This week’s news roundup is brought to you by my Saturday activities—joining 40,000 protesters in the streets of Boston to give the middle finger to a pack of cowardly white supremacists, and then having a drink afterward to both celebrate the success and mourn the need to do it in the first place. So without further ado, here it is: the weekly roundup for Sunday, August 20, 2017.
Not So White?
This week’s first story comes to us via Scientific American’s STAT blog, and it’s all about a recently-published sociological study on racist-as-hell white nationalists taking genetic ancestry tests and then (upon finding out how not totally “European” they are) going to their racist-as-hell support boards to massage each others’ feelings and talk about how full of crap those genetic tests are anyway. On the one side, they’re not totally wrong: the tests aren’t exactly perfect. There’s a level of precision implied by services like 23andMe that probably isn’t called for. On the other hand, well:
For the study authors, what was most interesting was to watch this online community negotiating its own boundaries, rethinking who counts as “white.” That involved plenty of contradictions. They saw people excluded for their genetic test results, often in very nasty (and unquotable) ways, but that tended to happen for newer members of the anonymous online community, [study author] Panofsky said, and not so much for longtime, trusted members. Others were told that they could remain part of white nationalist groups, in spite of the ancestry they revealed, as long as they didn’t “mate,” or only had children with certain ethnic groups. Still others used these test results to put forth a twisted notion of diversity, one “that allows them to say, ‘No, we’re really diverse and we don’t need non-white people to have a diverse society,’” said Panofsky.
You can read the whole piece at STAT.
A Database of Hate
One of the biggest problems of hate-based actions in America is the dearth of information about them. Not just about things done by self-professed white supremacists, but by random hateful Americans who happen to (for instance) hate Trans people or Muslims or mixed-race couples. As the folks at TechCrunch point out, while the feds are required to report hate crimes to a national database, the local and state-level officials aren’t required to. Well, now ProPublica and Google News have teamed up to create an updated-daily, searchable news database of stories related to hate in America. It’s called the Documenting Hate News Index, and it’s going to make a good start for building numbers that more accurately reflect the disaster that is the state of Americans’ tolerance of difference. You can learn more about it at TechCrunch or ProPublica, or even go try it out yourself. When you’re done with that, though, you might need to come back and read our third story. Don’t worry, we’ll be here when you get back.
A Drop of Water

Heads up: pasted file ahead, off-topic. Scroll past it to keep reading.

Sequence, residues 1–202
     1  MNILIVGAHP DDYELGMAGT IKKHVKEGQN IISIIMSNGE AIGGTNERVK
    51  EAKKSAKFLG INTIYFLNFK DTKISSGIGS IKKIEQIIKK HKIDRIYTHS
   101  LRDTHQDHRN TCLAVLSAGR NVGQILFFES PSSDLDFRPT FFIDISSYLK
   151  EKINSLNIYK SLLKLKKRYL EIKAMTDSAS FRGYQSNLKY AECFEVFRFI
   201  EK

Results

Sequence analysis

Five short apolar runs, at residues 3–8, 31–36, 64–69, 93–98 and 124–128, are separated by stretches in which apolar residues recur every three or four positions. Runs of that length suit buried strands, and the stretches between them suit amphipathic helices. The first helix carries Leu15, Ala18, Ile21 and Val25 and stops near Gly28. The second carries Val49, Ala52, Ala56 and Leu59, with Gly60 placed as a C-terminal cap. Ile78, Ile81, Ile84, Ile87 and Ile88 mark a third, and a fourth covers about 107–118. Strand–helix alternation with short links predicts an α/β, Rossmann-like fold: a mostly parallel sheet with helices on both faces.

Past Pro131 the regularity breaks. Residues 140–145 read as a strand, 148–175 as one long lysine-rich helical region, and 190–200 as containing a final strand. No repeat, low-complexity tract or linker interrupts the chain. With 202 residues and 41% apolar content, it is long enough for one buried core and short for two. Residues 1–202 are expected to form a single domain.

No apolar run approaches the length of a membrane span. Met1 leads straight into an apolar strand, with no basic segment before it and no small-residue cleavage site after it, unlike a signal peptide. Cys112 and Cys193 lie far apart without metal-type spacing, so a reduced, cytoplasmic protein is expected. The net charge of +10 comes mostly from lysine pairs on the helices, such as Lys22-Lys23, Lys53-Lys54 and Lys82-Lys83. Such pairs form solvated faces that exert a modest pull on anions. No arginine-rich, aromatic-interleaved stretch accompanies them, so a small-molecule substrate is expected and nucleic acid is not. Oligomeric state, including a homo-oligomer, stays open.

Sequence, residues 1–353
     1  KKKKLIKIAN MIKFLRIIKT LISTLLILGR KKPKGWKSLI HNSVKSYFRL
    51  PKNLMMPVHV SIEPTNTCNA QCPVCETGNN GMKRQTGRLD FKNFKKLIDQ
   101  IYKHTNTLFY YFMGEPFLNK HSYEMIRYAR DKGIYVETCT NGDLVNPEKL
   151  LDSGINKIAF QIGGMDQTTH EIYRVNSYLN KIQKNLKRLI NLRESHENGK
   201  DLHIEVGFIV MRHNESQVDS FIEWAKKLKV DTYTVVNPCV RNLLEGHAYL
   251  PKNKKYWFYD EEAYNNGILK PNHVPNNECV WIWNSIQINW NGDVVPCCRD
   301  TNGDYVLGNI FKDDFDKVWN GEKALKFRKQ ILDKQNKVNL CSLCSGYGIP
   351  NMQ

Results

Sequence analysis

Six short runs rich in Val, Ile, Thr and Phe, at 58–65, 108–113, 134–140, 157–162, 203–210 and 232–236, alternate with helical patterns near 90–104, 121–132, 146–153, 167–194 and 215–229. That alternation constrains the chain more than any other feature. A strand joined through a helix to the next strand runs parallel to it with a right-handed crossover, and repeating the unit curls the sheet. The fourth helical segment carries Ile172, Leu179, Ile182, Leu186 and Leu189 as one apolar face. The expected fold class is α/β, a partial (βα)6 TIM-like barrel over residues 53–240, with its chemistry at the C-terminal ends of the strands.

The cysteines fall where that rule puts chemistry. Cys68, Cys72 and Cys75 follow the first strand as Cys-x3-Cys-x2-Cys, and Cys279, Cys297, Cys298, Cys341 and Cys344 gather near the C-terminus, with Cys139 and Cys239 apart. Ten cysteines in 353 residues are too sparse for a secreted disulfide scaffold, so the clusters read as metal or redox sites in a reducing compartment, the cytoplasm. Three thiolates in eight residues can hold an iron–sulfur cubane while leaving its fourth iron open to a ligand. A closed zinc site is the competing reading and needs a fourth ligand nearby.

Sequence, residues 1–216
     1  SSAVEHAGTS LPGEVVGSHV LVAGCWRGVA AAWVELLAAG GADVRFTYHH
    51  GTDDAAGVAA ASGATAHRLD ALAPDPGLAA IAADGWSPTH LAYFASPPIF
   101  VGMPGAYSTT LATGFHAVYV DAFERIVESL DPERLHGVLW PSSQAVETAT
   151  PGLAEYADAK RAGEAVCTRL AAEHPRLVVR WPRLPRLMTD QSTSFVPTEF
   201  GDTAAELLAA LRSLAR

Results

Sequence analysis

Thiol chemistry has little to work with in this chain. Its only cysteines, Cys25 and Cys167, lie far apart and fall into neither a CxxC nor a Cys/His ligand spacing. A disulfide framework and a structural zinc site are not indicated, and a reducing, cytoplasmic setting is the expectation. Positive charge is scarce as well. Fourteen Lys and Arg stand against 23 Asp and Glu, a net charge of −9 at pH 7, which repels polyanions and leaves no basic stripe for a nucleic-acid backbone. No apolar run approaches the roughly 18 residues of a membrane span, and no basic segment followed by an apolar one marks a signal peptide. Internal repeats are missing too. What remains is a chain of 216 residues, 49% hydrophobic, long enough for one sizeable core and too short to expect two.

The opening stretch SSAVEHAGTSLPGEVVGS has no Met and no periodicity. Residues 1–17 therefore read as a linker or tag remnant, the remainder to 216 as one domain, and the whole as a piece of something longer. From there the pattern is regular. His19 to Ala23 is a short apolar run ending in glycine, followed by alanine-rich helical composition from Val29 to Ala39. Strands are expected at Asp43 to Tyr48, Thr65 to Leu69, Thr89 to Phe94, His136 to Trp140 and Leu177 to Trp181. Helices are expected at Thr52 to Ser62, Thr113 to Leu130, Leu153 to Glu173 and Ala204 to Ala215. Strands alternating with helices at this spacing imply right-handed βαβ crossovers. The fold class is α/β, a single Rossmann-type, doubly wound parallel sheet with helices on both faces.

If you need a drink after perusing the Documenting Hate News Index, well, here’s a story for you: a new report in the journal Nature shed a little light on why putting a little water in your whiskey might improve the flavour. For years, whiskey enthusiasts have said that—especially for high-percentage, “barrel-proof” whiskeys—a little bit of dilution can really “open up” the flavour profile and make the drink tastier. The report out this week explains why that might be the case. A lot of the subtle flavours in whiskeys are the product of a type of molecule called amphipathic molecules. The new science shows that for at least one of these compounds, guaiacol, alcohol can literally get in the way of you tasting it. Because guaiacol is preferentially associated with ethanol, at higher ethanol concentrations, the guaiacol is effectively “surrounded.” But lower that concentration, and those flavour-enhancing molecules become more accessible. Now the study seems to focus more on the differences between above 59% alcohol and below 45% alcohol solutions, so adding a little water to your Canadian Club probably won’t improve the flavour much, but for high-proof whiskeys there might be a good reason to add a drop of water to the mix. And while the study also focused specifically on guaiacol, its authors think it may be true of other amphipathic molecules that give whiskey flavour as well. You can read the open-source article itself over at Nature.
Best of the Rest
And as usual, there’s always more to get to than I can possibly cover. So here it is: your weekly linkspam!
- On Sunday, SpaceX launched its CRS-12 ISS resupply mission, and now plans to launch every other week
- The North Pole is moving east thanks to global warming
- SpaceX has officially let NASA know that it’s canning the Red Dragon
- Mercedes released a beautiful but potentially terrible concept car, and
- Michael Sheen and David Tennant are going to star in the film version of Good Omens!
That’s all for today, but before I go I’d like to remind anyone interested in tomorrow’s total solar eclipse of the following:
DO NOT LOOK AT THE SUN WITHOUT PROPER EQUIPMENT BECAUSE IT WILL DAMAGE YOUR EYESIGHT PERMANENTLY. A partially-obscured sun will not be bright enough to force you to look away but it will still burn your retina. Use CERTIFIED eclipse glasses (NOT SUNGLASSES) or a pinhole projector. Go to the link below to see five safe ways to view it.
That’s all for today, have a safe time tomorrow, and have a great week.
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Richard Ford Burley is a human, writer, and doctoral candidate at Boston College, as well as Deputy Managing Editor at Ledger, the first academic journal devoted to Bitcoin and other cryptocurrencies. In his spare time he writes about science, skepticism, feminism, and futurism here at This Week In Tomorrow.